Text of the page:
There is, by definition, (or perhaps more accurately, by intrinsic nature) no “right” way to experience your bridge year. It’s an intensely personal period of growth, learning, and challenge that my words can in no way instruct you on or prepare you for. No two people will have the same experience.
This blog relates particularly to my experience with Global Citizen Year, but is applicable for any year of your life. What follows are the small bits of wisdom I’ve ordained, which will no doubt inform my decisions for years to come.
When you’re living with another family of another culture in another country, everything is a window into their way of life. Absolutely everything. Whether your host dad wants to take you to the market, or your brother wants you to hang out with his friends, or your neighbor wants to teach you to meditate, your answer should, at the very least, be “I’ll think about it”. You owe this much to yourself. Consider it, even (read: especially) if you never would have done it back home. A resounding “yes”, or even a hesitant, slightly concerned one, can change the course of your year. It might work out. It might not. But nothing ventured, nothing gained, as the saying goes. It’s important to note that the “yes” is not directed at others, but rather, at yourself. Whether or not you choose to accept the invitations that will pile in your proverbial mailbox, you should always be saying yes to you. Yes,I can do this. Yes, I do want this. Yes, I am making the right decisions. Be true to yourself. Sometimes these opportunities aren’t directly presented to you. So go out and grab them. If nobody asks you to join, ask them. A smile could be all it takes, or a funny joke, or perhaps a potent dance move. “Dance first, ask questions later” was my philosophy for much of my time in Pune, and it made me most of my friends.
Get ready to learn.
There are going to be innumerable aspects of the culture, environment, and lifestyle you immerse yourself in that are different from what you expect, what you like, or what you’re used to. Try to be prepared. When you’re (inevitably) not, be prepared to try. No matter how much you read up on the norms, customs, language, etc… You will mess up. You will do things wrong. You will be the silly foreigner on the sitcom that just doesn’t get it. So just roll with the punches, laugh at yourself, and ask a lot of questions. I would say “challenge yourself”, but there’s an entire country waiting to challenge you. This extends beyond differences between you and your host community; it also encompasses the new context you’ll find yourself in. That is to say, the new structure of your life. The contents of your world will be radically different, but so will the scale and shape. You might be engaging with people on a level you may never have before. You might have much more freedom than you know what to do with. You might find yourself branching out in ways you never imagined. After high school is when most people take their first true steps into the unfiltered and uncut “real world”, and for you, this experience will be compounded with living in another country, or working full time without attending school, or being without your family for the first time in your life. Whatever form your year takes, it will almost certainly be something you’ve never experienced, and perhaps aren’t prepared for. So buckle down and embrace the new flow of your life. Get to know yourself, and the world around you.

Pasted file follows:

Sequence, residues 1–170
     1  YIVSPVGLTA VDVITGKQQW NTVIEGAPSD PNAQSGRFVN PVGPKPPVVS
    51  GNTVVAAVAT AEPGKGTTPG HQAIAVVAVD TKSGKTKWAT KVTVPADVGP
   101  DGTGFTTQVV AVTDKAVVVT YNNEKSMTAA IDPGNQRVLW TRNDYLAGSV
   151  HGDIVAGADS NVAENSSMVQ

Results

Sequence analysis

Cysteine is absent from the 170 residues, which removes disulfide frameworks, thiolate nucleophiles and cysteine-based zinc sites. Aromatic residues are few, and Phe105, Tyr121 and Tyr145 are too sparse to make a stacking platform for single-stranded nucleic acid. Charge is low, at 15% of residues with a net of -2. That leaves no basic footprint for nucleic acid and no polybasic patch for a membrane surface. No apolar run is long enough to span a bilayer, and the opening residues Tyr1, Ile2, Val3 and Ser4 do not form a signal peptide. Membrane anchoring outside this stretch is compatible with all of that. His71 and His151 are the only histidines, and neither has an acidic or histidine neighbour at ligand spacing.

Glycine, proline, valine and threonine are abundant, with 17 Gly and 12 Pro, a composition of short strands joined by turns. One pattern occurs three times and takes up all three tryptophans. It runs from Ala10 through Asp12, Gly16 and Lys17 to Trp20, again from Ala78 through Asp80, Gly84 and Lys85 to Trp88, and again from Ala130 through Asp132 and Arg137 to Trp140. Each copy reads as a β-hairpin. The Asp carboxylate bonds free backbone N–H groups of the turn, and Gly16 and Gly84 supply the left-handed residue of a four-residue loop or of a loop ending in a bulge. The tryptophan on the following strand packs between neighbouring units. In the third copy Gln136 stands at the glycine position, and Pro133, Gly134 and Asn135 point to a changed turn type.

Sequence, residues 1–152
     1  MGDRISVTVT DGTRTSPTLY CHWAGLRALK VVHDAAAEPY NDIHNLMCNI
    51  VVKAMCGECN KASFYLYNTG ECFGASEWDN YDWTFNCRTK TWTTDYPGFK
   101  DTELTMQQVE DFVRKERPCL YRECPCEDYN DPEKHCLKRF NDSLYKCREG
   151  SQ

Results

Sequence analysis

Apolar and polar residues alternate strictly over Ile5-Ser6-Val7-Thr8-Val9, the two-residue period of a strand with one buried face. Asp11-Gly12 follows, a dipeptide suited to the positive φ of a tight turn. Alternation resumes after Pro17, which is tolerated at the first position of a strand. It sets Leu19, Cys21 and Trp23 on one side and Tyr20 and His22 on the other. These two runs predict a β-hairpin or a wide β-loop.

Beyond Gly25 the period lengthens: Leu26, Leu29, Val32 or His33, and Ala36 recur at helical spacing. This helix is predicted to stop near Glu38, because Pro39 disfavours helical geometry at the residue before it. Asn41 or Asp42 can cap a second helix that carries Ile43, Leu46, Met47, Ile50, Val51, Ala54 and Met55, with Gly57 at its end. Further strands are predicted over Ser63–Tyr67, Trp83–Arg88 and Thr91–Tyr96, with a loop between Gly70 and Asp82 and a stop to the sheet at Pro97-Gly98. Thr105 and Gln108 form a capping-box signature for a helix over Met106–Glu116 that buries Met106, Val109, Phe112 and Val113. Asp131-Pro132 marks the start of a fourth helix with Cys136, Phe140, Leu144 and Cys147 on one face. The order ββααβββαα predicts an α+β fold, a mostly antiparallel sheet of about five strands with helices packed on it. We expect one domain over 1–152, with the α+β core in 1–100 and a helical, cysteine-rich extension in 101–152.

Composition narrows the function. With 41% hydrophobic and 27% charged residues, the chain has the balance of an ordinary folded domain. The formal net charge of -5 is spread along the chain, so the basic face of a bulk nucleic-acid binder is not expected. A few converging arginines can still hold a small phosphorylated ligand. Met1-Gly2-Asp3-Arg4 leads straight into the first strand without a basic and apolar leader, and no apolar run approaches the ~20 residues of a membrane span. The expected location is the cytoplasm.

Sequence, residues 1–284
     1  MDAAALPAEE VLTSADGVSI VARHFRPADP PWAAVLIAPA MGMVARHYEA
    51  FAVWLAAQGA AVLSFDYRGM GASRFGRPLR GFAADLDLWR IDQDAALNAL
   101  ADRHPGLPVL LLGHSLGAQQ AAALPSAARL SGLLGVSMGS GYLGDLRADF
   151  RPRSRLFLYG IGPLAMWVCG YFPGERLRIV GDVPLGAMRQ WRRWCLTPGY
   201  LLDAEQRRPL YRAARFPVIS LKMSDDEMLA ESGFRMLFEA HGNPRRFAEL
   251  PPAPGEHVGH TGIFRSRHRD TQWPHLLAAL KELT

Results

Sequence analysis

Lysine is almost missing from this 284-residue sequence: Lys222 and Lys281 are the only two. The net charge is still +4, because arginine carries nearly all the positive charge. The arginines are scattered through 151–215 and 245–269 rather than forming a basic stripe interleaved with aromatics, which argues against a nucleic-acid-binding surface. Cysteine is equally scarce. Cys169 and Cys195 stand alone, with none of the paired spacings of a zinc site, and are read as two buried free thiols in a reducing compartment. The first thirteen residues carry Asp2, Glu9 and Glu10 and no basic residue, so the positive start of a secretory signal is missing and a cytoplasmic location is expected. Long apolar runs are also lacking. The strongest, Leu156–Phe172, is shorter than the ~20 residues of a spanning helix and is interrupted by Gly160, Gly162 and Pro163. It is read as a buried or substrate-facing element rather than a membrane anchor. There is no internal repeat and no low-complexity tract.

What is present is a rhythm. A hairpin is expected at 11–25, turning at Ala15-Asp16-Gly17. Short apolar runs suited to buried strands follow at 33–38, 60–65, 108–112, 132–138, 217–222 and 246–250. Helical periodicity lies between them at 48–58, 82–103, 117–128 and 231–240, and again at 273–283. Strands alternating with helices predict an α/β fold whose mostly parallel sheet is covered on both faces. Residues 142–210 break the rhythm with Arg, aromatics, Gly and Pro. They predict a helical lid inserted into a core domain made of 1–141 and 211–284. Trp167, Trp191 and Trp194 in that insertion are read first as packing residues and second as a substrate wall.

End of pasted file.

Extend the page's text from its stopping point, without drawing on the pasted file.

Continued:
Focus on the now.
It can be tempting, and rightfully so, to think about where you’ll go after your bridge year. You may look around and be having second thoughts about your career path, or you may believe ever more strongly that it’s what you want. Well, I encourage you to focus on today, on your bridge year. This is a wholly unique experience in your life. You are likely embarking on your first year of independence, and you’re free from the burden of test scores and homework so you can really delve into what it means to be an adult, what it means to be a member of a community, what it means to be a global citizen, and most importantly, what it means to be YOU. So take a deep breath. Slow down. Look to the left. Look to the right. Take it all in. This year can and will be a stepping stone, but you don’t have to know what the next step is just yet. We’ll cross that bridge when we come to it. This experience will sit with you for a long time. Some parts of it won’t sit well. They’ll bubble inside you, make you uncomfortable, and you’ll find yourself feeling a little queazy and more than a little confused. You probably won’t know how to digest it for a while, and you’ll have to spend many a late night reflecting. So, instead of thinking about your plans coming out of your bridge year, commit to focusing on today. You will do great things. For now, do this. And do it well.